The viral success of "The Meatrix" shows how a good story trumps a mountain of facts.
I had my doubts about that bull in a manure-smeared trench coat.
It was the day before launch and the video we were viewing one last time had departed wildly from the playbook of social change communication I had been taught to follow. We had spent half the film developing a goofy, maybe distracting, talking-animal spoof on the popular Matrix series—time we could have used to expose more of the brutal facts.
Our brief told us to make our audience feel outraged and saddened by the truth behind their factory-farmed food. Instead we were making them smile. And then there were all those puns. I hate puns.
But The Meatrix was due and there was no going back. The next day, with little ceremony, we flipped the switch, taking the four-minute video live to a few thousand subscribers of sustainable food and animal rights listservs.
Finding the heroes
For the 10 years since we flipped that switch people have been demanding from me the secret to what makes a world-changing story work. As someone who believes that a better future can only be built on the foundation of better stories, it has been the most urgent question of my life.
My journey to the answer began by looking to an early model iPod. This iPod has travelled to every corner of the Internet, changing people’s conceptions of themselves and the world around them. It’s the one Annie Leonard holds up at the beginning of The Story of Stuff and asks, “Do you have one of these?”
What I learned from working with Annie on that series is that the most important social shift of our day is people reawakening to their identity as citizens and leaving behind the outdated consumer mindset. What Annie taught people was that changing the world didn’t mean changing the way we shopped (something had always felt wrong about this dominant sustainability message) but changing ourselves. Millions had been thinking it, quietly; Annie’s story gave them the chance to bring it to the light of day, and instantly share it.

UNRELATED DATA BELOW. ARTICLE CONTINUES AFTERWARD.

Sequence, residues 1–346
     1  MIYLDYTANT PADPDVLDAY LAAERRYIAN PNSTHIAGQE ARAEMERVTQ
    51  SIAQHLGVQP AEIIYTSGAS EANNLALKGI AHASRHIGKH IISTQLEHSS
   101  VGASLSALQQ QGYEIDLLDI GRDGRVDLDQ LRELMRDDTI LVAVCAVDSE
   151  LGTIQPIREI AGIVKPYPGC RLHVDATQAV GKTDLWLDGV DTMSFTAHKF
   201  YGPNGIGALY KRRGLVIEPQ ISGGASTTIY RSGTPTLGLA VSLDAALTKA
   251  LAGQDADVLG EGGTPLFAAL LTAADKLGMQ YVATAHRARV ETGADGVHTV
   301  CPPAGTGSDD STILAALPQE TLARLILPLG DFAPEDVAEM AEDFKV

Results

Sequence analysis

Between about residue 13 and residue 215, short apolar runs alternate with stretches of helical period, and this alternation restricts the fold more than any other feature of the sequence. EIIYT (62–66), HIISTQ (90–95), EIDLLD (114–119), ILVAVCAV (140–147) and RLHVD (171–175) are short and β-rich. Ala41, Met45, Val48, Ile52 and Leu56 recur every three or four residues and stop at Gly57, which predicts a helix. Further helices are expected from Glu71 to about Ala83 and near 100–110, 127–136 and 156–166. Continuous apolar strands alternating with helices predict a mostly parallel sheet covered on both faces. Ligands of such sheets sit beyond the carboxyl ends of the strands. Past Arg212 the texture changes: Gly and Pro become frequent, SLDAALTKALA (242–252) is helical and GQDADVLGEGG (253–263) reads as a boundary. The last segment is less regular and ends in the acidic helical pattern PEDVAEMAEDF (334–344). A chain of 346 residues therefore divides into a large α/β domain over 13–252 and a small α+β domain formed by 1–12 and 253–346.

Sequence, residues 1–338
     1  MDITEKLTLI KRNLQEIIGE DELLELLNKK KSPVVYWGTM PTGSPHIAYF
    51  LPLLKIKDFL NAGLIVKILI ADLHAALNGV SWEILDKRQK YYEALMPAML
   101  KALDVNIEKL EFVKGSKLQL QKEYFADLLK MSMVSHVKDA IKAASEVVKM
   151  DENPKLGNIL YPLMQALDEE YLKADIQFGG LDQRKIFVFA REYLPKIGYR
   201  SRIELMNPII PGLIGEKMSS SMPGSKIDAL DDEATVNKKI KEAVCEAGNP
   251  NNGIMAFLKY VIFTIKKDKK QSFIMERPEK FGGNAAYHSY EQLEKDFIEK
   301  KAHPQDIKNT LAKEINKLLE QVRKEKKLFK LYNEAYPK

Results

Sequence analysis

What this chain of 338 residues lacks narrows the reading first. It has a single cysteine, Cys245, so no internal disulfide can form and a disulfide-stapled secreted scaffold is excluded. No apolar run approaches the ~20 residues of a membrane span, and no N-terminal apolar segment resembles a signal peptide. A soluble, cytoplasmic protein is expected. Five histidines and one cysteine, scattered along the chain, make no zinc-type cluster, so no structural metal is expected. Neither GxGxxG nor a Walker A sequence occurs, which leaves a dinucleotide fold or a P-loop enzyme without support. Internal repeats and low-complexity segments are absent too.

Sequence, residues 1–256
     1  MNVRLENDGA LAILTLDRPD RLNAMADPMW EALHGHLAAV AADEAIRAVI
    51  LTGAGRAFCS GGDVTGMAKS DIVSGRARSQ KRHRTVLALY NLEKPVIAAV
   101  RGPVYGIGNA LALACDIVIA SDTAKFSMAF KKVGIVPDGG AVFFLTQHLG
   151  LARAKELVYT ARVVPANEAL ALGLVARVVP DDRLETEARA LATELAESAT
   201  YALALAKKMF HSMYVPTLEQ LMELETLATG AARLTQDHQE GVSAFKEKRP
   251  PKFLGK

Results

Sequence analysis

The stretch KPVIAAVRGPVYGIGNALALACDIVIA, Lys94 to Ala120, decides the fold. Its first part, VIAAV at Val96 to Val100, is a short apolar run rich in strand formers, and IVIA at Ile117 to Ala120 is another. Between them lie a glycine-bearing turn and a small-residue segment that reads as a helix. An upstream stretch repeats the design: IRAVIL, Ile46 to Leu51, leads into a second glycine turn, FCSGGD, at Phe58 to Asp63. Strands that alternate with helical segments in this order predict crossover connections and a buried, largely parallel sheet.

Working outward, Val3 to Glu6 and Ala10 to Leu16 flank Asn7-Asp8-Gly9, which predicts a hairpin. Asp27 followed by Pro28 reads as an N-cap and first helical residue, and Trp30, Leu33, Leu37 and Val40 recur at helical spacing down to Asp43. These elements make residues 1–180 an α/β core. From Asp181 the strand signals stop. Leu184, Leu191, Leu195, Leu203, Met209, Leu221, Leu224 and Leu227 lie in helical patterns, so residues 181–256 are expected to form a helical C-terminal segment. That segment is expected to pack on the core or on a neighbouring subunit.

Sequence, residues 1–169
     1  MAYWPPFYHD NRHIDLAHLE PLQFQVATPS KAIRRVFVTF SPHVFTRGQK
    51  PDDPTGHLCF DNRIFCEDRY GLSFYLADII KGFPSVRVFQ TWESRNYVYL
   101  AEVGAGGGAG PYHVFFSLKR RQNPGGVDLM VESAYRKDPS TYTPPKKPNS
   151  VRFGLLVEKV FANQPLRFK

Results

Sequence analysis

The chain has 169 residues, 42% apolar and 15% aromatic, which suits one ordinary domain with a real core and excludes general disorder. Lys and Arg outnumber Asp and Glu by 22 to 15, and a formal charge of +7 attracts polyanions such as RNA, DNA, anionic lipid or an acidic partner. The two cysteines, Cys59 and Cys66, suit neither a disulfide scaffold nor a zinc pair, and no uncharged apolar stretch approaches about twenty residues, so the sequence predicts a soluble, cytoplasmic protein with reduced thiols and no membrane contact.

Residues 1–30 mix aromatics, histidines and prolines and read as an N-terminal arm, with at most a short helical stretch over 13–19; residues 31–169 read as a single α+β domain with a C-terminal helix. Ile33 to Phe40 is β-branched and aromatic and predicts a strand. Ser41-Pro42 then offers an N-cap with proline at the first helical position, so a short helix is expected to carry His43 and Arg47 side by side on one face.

The Story of Stuff taught me something about heroes—a key component of successful storytelling. In the old green-consumer story, the heroes are greener brands that do all the work of saving the world. All you have to do is buy their products. They’ll take care of the rest.
Annie thought there was a very different hero to the story.
One might assume that hero would be Annie herself. After all, she is the ultimate expert. She’d traveled the world for 10 years, gotten all the facts. As she told me, “I probably know more about garbage than anyone else on Earth.” We’d see Annie’s heroics and, at the end, get a request for money so she could continue her work saving the world.
But by holding out the iPod at the beginning of that movie and addressing the audience directly in every scene that follows, Annie is signaling something very different. It’s you, the viewer, who has the potential to be the hero of this story. And that’s what the shift from consumer to citizen is all about. Nobody can sell you premade solutions. The Story of Stuff tells us we must do the hard work of creating solutions ourselves.
People shared that 20-minute lecture about garbage by the millions because it was crafted in a way that encouraged them to see themselves as heroes. Even the act of sharing it came to be seen as a heroic culture-changing act—and it was. One teacher in Montana got in trouble for showing it to her classroom.
The hero’s journey
This idea of telling stories that remind audiences of their hero potential is not a new one. But it has been forgotten in the age of broadcast media—an age that’s thankfully giving up much of its power to social media and citizen-created content. The great mythologist Joseph Campbell developed the concept of the Hero’s Journey, what he considered the formula for enduring myths—or stories that resonate and self-replicate.